Five Tips for Weekly WordPress Website Maintenance

Five tips for WordPress Website Maintenance

A previous blogpost on the Zestee Social Media School Website Pyramid looked at how building a solid website is like a house.  Once you’ve built your website, it requires regular maintenance to keep it running well.  Depending on the size of your site, the time this takes varies, but for a small site, this should only take a few minutes each week.  It will allow you to identify any potential problems quickly, ensure you keep in touch with audience members who have taken the time to comment on blog posts and give you a useful overview via statistics.

Here are five tips for weekly WordPress Website Maintenance:

1.  Check the home page

Sounds simple, but just visiting the home page of your website is a worthwhile easy check to do weekly – or even daily.  If there are any issues with hosting, your domain name, or worse, that your site has been hacked, this visit will make sure it is identified immediately.  Something you might also like to try is visiting your website from various devices, such as your laptop, mobile and tablet or trying different browsers such as Safari and Firefox.  Click through on links to make sure these are all working correctly and in general, just try to cast a fresh eye over your homepage to experience what first time visitors will see.

2.  Export site (all content)

From the WordPress Dashboard, choose “tools” then “export” then “all content”.  This will create a .xml with your pages, posts, comments and other information, depending on which plugins you could have installed.  BE AWARE – this is not a total backup of all of your WordPress website database, you will need a separate backup service for this, but it will still save a significant amount of content.  I’ve been glad I’ve never needed to access this, but it’s quick and easy to do and may save me a lot of time if I was ever to lose my site.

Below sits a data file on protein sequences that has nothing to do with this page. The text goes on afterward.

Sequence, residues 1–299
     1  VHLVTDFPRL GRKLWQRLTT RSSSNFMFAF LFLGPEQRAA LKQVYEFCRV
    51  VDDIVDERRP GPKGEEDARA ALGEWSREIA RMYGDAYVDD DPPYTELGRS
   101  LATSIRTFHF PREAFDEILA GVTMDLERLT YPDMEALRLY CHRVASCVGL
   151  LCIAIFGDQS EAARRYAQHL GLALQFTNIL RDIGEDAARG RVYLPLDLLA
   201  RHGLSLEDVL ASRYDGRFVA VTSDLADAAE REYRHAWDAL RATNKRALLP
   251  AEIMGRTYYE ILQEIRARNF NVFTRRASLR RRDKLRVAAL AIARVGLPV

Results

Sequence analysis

WordPress Export



3.  Run any WordPress, PlugIn and Theme Updates

To keep your site stable, it’s recommended that you regularly run any updates.  These will show up as a number next to “plugins” or under the “Dashboard” header and then “updates”.  These are also quick and easy to run and ensure you have the latest versions.  Something to be aware of here is that when you update, there is a small chance that newer versions create unexpected problems.  However if you have backups and exports as above, and you check your site again afterwards then you will rarely have issues, and any potential problems are well outweighed by the fact that not updating can cause worse problems.

4.  Check and action comments

You can of course do this more regularly than weekly, but dedicating a few minutes each week to a check can make sure that you keep comments under control.  Just click on the comments section on the dashboard and reply to any (it’s good practice to reply to any genuine comments on your blog) and delete any spam that your spam filters may have missed.

5.  Check and analyse statistics

I use Jetpack for statistics and take a look each week at my referrers (where visits are coming from), top posts and pages, search engine terms people are using to find my site and clicks.  You may wish to go into more depth with Google Analytics as well but for most small business, the WordPress Jetpack statistics are sufficient.